Bohuslän, Sweden June 2017

17th June, 2017

I started to hear a lot about Bohuslän in the past couple of years, so when the Swedish representative on WICM in 2016 invited us to visit, we decided to organise a meet there during midsummer week. A post on the FaceBook group, Girls Get Higher, invited Swedish women to join us during the week and show us around. One major stumbling block for the northern contingent turned out to be that you can’t fly from Manchester to Gothenburg, so we ended up flying to Stockholm and resigning ourselves to the very boring (lots of trees!) 5½ hour drive to the west coast. The southern crew booked flights from London airports to Gothenburg, so had an easier trip, our base in Brodalen being only 1½ hours drive from Gothenburg.

Bohuslän is a craggie’s paradise, with outcrop after outcrop of high-quality granite (almost all of it traditionally protected), rising up from fields and woods, all fairly flat, short walk-ins and within 30 minutes drive of Brodalen. Sweden had been enduring the same wet weather as the UK for the previous week or so, but we were blessed with a sudden change in weather on the Saturday morning, resulting in a wide variety of strap marks by the end of our first day at Galgeberbet.

Over the week we tended to split into two groups: one going to crags with climbs with a range of 4s and 5s (Severe-HVS); the other seeking out the 6- (E1-ish) classics. We climbed at the wonderfully named Brappersberget, Vettekullen, Hallinden, Välseröd, Hallinds Klack, Nordens Ark, Svaneberget, Rågårdsdal and Holländareberget. The crags are mostly single-pitch in the 20-30m range, with Hallinden providing two-pitch routes at 55m and Holländareberget, the smallest, a tiny (10m) sea-side crag of golden granite. Tick-paranoia (and risk of Tick-Borne Encephalitis) ensured we gave ourselves a careful checking over each evening.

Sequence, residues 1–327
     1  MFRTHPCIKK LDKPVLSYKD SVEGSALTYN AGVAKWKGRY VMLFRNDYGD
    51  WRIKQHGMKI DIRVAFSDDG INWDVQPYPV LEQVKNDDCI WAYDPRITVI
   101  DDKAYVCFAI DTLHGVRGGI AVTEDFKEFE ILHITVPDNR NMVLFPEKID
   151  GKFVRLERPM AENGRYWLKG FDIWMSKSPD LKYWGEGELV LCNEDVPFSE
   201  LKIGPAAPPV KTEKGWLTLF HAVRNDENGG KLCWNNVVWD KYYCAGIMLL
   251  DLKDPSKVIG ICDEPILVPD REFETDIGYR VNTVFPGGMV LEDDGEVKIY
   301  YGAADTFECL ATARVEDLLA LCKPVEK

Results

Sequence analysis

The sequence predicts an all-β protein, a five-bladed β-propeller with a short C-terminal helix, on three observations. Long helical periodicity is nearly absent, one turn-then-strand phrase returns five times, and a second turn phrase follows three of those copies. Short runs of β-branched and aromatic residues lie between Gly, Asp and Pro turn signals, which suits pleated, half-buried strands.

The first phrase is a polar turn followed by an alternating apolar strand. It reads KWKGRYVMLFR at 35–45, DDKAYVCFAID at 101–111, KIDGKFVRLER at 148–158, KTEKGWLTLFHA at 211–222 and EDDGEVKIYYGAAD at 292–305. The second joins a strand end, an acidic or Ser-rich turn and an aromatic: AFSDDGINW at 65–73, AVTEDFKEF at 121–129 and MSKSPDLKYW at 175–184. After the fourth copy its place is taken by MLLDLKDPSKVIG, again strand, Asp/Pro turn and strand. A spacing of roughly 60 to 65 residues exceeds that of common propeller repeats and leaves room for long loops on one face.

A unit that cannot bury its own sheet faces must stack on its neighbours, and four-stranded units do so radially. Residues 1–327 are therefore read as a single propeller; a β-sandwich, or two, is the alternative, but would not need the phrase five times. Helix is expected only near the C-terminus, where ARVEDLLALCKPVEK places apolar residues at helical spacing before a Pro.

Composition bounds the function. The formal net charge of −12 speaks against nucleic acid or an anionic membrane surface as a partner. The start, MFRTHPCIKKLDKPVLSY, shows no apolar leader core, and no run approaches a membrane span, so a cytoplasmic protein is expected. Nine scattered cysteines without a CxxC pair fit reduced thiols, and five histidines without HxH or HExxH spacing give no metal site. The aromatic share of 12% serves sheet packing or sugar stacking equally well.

Our last day in Bohuslän, Friday 23rd June, was the official midsummer’s day in Sweden. We’d been practising our little song about Små Grodorna (Little Frogs) all week and we sang and danced round the ‘May’pole with the be-garlanded families. The rain held off till it was over, then we headed back for a traditional Swedish midsummer lunch of pickled herring (our favourite was the herring in gin!), boiled potatoes with sour cream and chives, crispbread, eggs, cheese and schnaps.

The cultured among the group explored the bronze-age rock art at Tanum, a UNESCO world heritage site and we visited the seaside and dined out at a fish restaurant on the coast. All of this, added to the fantastic climbing, made it a great trip.

Favourite routes of the week:

Jungfrun 4, Välseröd

Ödhumlan 4, Nordens Ark

Kyrkråttan 4+, Brappersberget

Snögeten 5-, Nordens Ark

Till de Utpsykade Cragråttorna 5-, Rågårdsdal

Granitsnoken 5, Svaneberget

Bergkirstis Polska 6-, Svaneberget

Prismaster 6-, Hallinden

Våroffer 6-, Hallinds Klack

Villskudd 6-, Välseröd

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Women’s climbing history for all to see

15th November, 2016

journal-coverThe Pinnacle Club library has been steadily built up since the foundation of the club in 1921 and the historic collection is now available at Bangor University Library to researchers and anyone else with an interest in the history of climbing.  The collection includes memoirs, instruction manuals, journals and even novels relating to mountaineering and rock climbing in the UK, the Alps and the Himalayas, spanning the breadth of the 20th century.

As a reflection of the climbing interests and focus  of the Pinnacle Club over the last century the collection provides a fascinating glimpse into the history and development of climbing and mountaineering during the 20th century.  The Pinnacle Club journals in particular, with their detailed descriptions of meets and the routes undertaken, offer a unique insight into how the club was pushing the boundaries in women’s climbing during this period.